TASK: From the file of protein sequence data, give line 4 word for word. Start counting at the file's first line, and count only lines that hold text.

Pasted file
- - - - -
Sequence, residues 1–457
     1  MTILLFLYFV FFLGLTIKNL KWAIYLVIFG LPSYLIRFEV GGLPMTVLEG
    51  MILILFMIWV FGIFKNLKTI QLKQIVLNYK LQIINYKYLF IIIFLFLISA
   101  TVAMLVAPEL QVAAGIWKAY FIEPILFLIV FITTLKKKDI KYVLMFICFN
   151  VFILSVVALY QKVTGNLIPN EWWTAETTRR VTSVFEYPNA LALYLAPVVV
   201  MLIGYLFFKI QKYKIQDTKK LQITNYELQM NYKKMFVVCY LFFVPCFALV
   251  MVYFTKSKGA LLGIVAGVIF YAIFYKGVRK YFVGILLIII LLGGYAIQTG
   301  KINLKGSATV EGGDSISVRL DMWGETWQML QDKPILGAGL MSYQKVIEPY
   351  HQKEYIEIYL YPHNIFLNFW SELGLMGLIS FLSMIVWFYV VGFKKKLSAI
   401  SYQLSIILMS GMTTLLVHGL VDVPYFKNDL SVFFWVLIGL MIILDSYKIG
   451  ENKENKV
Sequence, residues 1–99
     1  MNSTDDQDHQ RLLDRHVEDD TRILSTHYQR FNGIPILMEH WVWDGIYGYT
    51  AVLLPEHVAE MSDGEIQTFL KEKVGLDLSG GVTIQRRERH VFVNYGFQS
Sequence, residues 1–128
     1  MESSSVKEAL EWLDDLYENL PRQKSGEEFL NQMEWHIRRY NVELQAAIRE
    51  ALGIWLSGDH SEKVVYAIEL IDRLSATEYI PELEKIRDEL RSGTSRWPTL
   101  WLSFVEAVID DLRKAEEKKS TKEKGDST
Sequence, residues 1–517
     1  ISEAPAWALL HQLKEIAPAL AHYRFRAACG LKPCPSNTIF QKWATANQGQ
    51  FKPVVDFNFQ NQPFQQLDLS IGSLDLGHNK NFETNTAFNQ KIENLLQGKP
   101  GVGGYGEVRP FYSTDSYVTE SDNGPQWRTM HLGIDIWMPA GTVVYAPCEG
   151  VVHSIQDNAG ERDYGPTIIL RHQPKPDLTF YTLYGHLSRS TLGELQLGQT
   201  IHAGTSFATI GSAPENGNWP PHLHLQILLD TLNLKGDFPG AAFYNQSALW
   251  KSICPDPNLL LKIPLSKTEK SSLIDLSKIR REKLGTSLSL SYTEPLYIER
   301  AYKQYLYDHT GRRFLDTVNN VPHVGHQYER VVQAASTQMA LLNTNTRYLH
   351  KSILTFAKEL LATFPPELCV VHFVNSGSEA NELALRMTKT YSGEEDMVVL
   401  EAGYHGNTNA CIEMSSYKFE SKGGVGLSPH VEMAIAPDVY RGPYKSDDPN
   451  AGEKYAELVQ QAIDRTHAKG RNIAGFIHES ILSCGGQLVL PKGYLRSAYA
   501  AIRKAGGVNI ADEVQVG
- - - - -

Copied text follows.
   101  TVAMLVAPEL QVAAGIWKAY FIEPILFLIV FITTLKKKDI KYVLMFICFN